Homeowners have become more trusting of their energy suppliers in recent months, a study by the Department of Energy & Climate Change (DECC) suggests. More than two thirds trust their supplier to provide a breakdown of their bill and 51% trust suppliers to inform them of their best tariff, an increase from 47% in June and the highest recorded trust level.
Trust in figures
More than half (51%) also trust their utility supplier to give them fair gas and electricity prices and over 68% believe their gas and electricity company gives them accurate bills – an increase from 63% since the last survey in June. Concerns about energy bills and power cuts are also at a record low since the survey began in 2012, despite media focus on a looming ‘energy crisis.’
However, 34% of respondents were worried about paying their bills. The survey also revealed 77% were worried about rising electricity and gas prices, yet this figure is the lowest recorded since the 2012 conception of the attitudes survey.
The improved sentiment towards the energy market comes at the same time as falling wholesale prices for gas and electricity, an investigation into the big six suppliers by the Competition and Markets Authority and increased competition in the sector – with more consumers switching to independent suppliers offering cheaper utility tariffs.
Consumer body poll
Despite reassuring figures suggesting a shift in attitudes towards the gas and electricity sector, DECC’s research is in conflict with a poll undertaken by Which?. The consumer body’s poll suggested that three-quarters of homeowners were worried about energy bills and only 26% of people asked trusted energy companies to act in the interests of the consumer.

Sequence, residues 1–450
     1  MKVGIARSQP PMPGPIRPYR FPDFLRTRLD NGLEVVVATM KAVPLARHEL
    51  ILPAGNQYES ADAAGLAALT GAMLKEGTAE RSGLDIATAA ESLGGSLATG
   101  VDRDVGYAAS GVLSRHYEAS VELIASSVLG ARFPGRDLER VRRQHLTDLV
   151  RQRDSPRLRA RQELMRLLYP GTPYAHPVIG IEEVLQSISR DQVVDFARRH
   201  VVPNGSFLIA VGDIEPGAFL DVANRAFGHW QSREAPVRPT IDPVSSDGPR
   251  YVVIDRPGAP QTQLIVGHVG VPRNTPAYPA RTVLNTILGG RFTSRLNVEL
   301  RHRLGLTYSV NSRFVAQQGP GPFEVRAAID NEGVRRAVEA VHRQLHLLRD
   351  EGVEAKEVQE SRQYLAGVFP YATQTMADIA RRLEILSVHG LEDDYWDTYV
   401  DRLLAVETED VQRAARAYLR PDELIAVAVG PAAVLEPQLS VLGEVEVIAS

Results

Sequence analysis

“While trust may have marginally improved, energy remains one of the least trusted industries,” says Which? executive director Richard Lloyd.
“With three-quarters of consumers worried about their energy bills and only a quarter trusting the industry to act in their best interest, it’s clear big reforms are needed to restore confidence and guarantee fairer prices for consumers.”
If you’re worried about your energy bills, you should compare gas and electricity prices across suppliers. This week, it was announced the time it takes to switch gas and electricity supplier will be reduced from five weeks to two and a half weeks by the end of the year.
The quicker switch process includes a statutory 14 calendar day cooling off period (as mandated by EU law) and as few as three working days to finalise the switch. Customers switching to SSE will experience faster switching straight away and First Utility customers will get quicker switching from 10 November.
The quicker switching time has been granted following the success of a campaign by First Utility. Customers moving to First Utility save £213 a year on average, with the supplier offering some of the nation’s cheapest utility tariffs. First Utility plans to achieve a 24-hour switching target and has received support from Energy Secretary Ed Davey and regulator Ofgem.
“Faster, easier switching will encourage consumers to go energy shopping and get themselves a better deal.” says Ann Robinson, Director of Consumer Policy at uSwitch.com. “Now is the time to take control of our energy bills by using less, wasting less and paying less, so keeping warm this winter will be more affordable.”
Colin Urquart is a political commentator and energy blogger. He works with various agencies to support change in the energy sector.